Collagen is the most plentiful protein in the human body. As a major structural component, collagen forms molecular cables that strengthen tendons and creates the stretchy and resilient sheets that support both skin and organs. Even bones and teeth are made by adding minerals to collagen. Collagen provides structure to the human body, protects and supports softer tissues, even connects them to the skeleton.
Unfortunately, collagen production decreases with age. The loss of collagen production is at least partially responsible for the appearance of wrinkles on the face and other body parts, as well as other symptoms of age.
Some products and procedures can stimulate the skin to produce more collagen. Despite the claims made by advertisers and marketers, these effects are generally speaking relatively mild and may take long periods to fully bear fruit. Nonetheless, it is possible to jumpstart stalled collagen production.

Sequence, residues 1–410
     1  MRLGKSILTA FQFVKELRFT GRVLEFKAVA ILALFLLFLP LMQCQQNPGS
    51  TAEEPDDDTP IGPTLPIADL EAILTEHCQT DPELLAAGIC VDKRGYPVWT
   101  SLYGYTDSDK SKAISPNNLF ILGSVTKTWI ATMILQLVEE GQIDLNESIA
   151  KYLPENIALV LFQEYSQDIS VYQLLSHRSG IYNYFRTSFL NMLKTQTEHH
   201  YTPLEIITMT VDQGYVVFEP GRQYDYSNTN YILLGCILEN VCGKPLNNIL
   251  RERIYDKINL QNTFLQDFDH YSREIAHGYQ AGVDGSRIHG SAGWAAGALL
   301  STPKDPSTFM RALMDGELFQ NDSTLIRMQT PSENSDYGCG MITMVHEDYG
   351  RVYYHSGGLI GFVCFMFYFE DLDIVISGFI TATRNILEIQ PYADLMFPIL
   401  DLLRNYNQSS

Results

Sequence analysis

Collagen is sometimes injected beneath the skin by a plastic surgeon to increase the volume of certain parts of the face. Collagen is just one of a wide variety of substances used as a dermal filler. Like other dermal fillers, collagen is slowly metabolized by the body and the facial volume that is gained from this procedure is lost over time.
At least one anti wrinkle skin care product on the market boasts of its ability to "deliver an entire collagen molecule directly to the cells of the skin." While this sounds like an impressive feat, there has as yet been no laboratory evidence proving that this is a viable anti wrinkle strategy. Additionally, collagen used in this method must be derived from either marine sources (kelp) or animal sources (cows).
Please remember this before paying premium prices for a collagen-containing product.
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